Ready to begin the job search, but unsure where to start? Employ these basic steps to organize your efforts and maximize your results. You will be employed in record time.
First, define your goal. How do you envision your career? What are your short-term and long-term goals? Carla Hunter founded Career Span, Inc., a career-coaching firm specializing in helping clients navigate the complex maze of today’s job market.
Hunter advises, “Today’s job seeker must have one goal: Be the solution to the employer’s problem and position yourself in a way you can demonstrate how you fit their gap.”
Next, consider the skills, knowledge, and personality traits essential or desirable for you to achieve your goal. Do you need additional training? How can you best highlight your strengths?
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Hunter recommends job seekers identify skills and knowledge critical to a role within a growing industry in your region. In Kentucky, she said these growing industries include professional and business services, leisure and hospitality, healthcare and manufacturing.
Third, prep your elevator pitch and rationale for your career goal using evidence of skills, knowledge, and personality traits desirable for the role.
For example, if you are seeking a role in sales, you might incorporate evidence of communication skills, sales strategy expertise and a competitive nature into your pitch. Be sure to incorporate this language into your résumé draft as appropriate. Ask a detail-oriented friend or trusted colleague to review your résumé draft. Focus on what is most relevant to your short-term and long-term goals as well as recent experience.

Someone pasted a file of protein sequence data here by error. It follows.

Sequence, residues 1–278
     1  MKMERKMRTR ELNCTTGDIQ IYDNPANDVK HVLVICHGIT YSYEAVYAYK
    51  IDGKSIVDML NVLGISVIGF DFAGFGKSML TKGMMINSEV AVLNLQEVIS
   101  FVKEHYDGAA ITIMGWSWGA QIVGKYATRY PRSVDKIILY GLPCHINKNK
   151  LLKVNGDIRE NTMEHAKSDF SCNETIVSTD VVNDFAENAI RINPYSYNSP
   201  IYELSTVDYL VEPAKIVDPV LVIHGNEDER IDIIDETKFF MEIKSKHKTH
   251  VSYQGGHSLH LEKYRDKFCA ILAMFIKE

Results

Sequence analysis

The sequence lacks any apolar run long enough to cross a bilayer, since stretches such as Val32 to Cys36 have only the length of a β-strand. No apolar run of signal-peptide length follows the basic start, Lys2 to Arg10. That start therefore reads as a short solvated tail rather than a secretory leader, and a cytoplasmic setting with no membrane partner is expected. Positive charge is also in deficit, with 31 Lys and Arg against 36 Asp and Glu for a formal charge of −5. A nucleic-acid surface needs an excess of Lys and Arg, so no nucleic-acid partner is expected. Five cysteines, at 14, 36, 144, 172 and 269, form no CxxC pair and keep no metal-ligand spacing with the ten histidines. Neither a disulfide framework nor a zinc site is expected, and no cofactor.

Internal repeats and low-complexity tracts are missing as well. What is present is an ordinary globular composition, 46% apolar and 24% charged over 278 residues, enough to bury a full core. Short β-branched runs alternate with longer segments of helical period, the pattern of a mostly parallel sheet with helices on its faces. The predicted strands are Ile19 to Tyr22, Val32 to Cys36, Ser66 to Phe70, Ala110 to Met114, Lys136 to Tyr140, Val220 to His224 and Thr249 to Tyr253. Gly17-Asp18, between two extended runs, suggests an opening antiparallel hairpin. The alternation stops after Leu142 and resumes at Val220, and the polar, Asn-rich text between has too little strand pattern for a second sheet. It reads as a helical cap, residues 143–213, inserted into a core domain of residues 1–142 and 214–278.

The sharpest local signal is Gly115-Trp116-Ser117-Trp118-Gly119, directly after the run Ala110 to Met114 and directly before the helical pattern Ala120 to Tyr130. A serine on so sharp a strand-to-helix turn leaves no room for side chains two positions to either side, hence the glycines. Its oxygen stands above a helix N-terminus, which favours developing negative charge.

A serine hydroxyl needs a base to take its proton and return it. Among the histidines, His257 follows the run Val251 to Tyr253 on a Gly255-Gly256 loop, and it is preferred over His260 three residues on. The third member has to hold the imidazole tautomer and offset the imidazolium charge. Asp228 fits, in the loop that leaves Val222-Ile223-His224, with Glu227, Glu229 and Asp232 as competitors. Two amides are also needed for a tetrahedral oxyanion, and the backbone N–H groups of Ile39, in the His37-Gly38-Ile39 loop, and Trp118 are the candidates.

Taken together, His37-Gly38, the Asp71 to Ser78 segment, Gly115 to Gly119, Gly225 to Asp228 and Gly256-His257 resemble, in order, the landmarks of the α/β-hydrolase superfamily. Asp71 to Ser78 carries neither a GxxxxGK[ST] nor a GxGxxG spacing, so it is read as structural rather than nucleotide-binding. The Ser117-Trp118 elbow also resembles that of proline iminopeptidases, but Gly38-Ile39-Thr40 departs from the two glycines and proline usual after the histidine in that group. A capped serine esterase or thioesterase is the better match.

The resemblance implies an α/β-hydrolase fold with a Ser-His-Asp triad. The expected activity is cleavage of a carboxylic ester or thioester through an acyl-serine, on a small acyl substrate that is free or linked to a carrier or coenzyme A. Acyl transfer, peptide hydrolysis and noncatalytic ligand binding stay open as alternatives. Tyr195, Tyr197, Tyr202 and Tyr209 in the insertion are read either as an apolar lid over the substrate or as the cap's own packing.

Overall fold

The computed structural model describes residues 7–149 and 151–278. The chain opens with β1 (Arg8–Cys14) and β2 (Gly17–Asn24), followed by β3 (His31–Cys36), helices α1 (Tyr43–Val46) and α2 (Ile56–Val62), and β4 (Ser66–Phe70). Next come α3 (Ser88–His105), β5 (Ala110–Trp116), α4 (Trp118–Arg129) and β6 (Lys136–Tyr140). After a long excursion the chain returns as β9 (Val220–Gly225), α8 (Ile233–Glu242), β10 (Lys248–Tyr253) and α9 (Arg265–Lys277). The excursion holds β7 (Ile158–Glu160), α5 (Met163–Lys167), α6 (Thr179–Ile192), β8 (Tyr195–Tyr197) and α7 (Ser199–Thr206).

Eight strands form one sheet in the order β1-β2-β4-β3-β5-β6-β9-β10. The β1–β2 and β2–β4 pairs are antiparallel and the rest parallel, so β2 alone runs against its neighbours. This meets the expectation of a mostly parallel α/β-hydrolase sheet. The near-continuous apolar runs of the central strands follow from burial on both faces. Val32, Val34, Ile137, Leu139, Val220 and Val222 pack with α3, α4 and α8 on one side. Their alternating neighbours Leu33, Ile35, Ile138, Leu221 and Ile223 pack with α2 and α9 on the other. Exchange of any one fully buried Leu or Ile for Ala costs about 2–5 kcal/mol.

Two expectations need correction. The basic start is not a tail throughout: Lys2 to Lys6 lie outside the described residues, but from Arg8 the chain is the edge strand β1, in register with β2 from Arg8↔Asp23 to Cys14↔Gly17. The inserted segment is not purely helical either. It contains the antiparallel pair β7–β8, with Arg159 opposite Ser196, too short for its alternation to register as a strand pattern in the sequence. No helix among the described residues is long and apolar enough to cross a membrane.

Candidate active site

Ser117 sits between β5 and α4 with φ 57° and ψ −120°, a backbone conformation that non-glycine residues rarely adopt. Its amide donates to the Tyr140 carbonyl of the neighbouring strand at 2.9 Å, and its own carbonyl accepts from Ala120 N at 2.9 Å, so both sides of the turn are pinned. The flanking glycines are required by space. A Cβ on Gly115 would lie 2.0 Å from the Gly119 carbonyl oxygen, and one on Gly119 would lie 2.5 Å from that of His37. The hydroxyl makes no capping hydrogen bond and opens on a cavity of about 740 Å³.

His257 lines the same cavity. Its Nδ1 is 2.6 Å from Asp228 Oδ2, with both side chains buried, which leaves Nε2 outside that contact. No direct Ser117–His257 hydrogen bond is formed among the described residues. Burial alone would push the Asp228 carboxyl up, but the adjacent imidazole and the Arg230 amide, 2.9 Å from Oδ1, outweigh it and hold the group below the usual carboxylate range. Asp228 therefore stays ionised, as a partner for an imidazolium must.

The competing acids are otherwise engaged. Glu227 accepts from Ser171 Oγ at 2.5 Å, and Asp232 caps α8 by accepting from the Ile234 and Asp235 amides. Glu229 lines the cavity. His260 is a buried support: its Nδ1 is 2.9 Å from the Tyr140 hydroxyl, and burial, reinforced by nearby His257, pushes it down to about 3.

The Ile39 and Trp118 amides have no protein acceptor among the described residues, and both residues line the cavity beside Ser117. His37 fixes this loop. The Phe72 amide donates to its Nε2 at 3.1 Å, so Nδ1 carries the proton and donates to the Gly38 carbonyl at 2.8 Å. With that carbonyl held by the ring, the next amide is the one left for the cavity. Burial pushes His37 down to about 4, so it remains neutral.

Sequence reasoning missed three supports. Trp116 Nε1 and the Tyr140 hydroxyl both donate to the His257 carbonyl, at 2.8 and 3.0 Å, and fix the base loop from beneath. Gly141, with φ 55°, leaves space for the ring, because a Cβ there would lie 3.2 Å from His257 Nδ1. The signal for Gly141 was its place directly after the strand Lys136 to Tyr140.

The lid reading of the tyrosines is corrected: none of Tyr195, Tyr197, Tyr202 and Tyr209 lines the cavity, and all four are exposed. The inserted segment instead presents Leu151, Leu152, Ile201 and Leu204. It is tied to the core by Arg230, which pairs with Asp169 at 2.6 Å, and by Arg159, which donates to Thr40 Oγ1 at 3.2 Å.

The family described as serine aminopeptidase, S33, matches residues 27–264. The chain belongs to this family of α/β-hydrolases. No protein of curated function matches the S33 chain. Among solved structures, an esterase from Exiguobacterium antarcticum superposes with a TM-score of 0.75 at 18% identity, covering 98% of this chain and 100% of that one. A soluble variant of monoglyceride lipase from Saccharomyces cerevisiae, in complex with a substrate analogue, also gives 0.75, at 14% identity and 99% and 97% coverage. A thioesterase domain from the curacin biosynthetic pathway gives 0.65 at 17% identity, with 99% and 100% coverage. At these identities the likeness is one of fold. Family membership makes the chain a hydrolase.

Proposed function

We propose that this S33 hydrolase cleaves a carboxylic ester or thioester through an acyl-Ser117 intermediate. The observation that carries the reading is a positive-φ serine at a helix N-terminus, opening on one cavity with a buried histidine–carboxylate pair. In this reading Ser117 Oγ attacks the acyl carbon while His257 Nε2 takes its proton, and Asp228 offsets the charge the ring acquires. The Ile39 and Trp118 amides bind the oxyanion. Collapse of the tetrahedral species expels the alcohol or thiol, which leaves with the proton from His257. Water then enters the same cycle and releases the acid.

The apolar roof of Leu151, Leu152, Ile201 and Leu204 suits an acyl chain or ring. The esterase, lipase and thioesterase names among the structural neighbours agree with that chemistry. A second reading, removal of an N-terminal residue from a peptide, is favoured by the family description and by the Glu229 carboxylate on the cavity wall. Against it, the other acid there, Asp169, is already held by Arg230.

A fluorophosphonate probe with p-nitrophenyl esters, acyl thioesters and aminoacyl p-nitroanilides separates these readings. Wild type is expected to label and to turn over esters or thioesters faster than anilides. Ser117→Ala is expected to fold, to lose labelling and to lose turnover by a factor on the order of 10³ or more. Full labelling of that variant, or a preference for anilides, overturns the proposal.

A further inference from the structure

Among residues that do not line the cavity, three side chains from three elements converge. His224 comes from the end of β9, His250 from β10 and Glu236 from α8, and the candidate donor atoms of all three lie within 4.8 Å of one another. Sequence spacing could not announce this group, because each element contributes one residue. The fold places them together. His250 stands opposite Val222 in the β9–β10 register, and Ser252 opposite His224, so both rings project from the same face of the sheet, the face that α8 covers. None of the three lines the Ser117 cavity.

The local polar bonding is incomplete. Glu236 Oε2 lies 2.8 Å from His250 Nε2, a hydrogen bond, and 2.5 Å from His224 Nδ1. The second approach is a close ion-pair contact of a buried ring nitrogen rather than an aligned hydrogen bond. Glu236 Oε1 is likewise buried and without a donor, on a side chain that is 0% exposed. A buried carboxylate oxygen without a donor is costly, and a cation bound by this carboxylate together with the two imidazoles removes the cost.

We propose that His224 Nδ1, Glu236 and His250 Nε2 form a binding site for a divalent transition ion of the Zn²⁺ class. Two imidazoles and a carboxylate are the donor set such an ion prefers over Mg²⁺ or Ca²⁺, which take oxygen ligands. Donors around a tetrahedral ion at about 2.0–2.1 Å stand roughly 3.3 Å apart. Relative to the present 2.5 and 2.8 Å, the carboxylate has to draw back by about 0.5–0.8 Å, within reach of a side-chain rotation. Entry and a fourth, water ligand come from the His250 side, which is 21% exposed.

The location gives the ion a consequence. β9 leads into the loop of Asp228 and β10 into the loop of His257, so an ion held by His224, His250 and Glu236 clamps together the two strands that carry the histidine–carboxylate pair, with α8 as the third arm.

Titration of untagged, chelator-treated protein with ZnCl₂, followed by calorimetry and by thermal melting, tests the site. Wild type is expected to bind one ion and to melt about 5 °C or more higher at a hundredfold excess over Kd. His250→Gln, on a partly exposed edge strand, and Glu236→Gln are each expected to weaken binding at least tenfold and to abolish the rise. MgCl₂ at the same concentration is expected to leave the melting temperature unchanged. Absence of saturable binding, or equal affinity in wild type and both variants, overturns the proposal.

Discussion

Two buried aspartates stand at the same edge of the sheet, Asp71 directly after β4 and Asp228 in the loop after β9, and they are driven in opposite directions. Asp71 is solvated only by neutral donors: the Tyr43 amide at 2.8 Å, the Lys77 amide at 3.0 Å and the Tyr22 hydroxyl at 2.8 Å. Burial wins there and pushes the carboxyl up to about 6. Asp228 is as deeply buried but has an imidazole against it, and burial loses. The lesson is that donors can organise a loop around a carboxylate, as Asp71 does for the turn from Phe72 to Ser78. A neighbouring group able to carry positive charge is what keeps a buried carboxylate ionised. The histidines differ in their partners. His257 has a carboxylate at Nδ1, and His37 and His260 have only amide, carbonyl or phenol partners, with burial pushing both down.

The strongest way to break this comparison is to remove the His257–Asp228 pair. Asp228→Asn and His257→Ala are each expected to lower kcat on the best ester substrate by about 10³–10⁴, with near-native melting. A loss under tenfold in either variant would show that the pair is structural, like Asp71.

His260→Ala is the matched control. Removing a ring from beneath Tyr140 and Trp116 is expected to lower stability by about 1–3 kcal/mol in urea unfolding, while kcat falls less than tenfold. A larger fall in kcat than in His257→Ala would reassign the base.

After that, start thinking of stories or instances demonstrating occasions in which you have displayed these skills, knowledge, and personality traits. Most interview questions will be behavioral based and will set you up to tell a story. For example, tell about a time you had to convince someone of something using data or share a time when you juggled multiple projects and how you prioritized your tasks. Having a few stories already in mind that revolve around skills related to the job will make the interview process more streamlined, and you will feel more confident in your responses.
Hunter says interview questions vary depending on company culture and preparation for identifying the best fit for the role. Behavioral-based questions are a good choice because past behavior is a primary indicator of future behavior. These types of questions allow employers to gain insight into a person’s work habits.
Next for the job search, consider geographic areas, industries of interest, position titles and a list of target companies. Most job searches involve applying to online job boards. Spend some time noticing how job titles differ online. For example, you will likely notice job titles vary within industries. The title of research analyst in one field may be described as data analyst in others. Hunter recommends a top 10 list of companies with emphasis on the highest five. This emphasis includes research and reaching out to professionals who work there.
Then, research appropriate salary ranges for the roles you have in mind. Use several reputable resources and look for themes. Highly recommended for salary research is Payscale.com or Salary.com. Hunter also recommends the Occupational Outlook Handbook online at Bls.gov and Glassdoor.com to research salary ranges.
From there, make a list of action items for your job search. How will you network into your target companies? Are there professional associations you can join? How many positions will you apply to each week? Each month?
Hunter says, “The clients I see land the offer they want have three commonalities: they are targeted, regarding where they want to work; they position themselves as the solution; and they are intentionally reaching out to others.”
Amanda Schagane serves as a career coach in the Gatton College of Business & Economics at UK. She is designated a Master Career Counselor by the National Career Development Association and has served as president for the Kentucky chapter of the organization. Join her on LinkedIn or email her at Amanda.Goldsmith@uky.edu.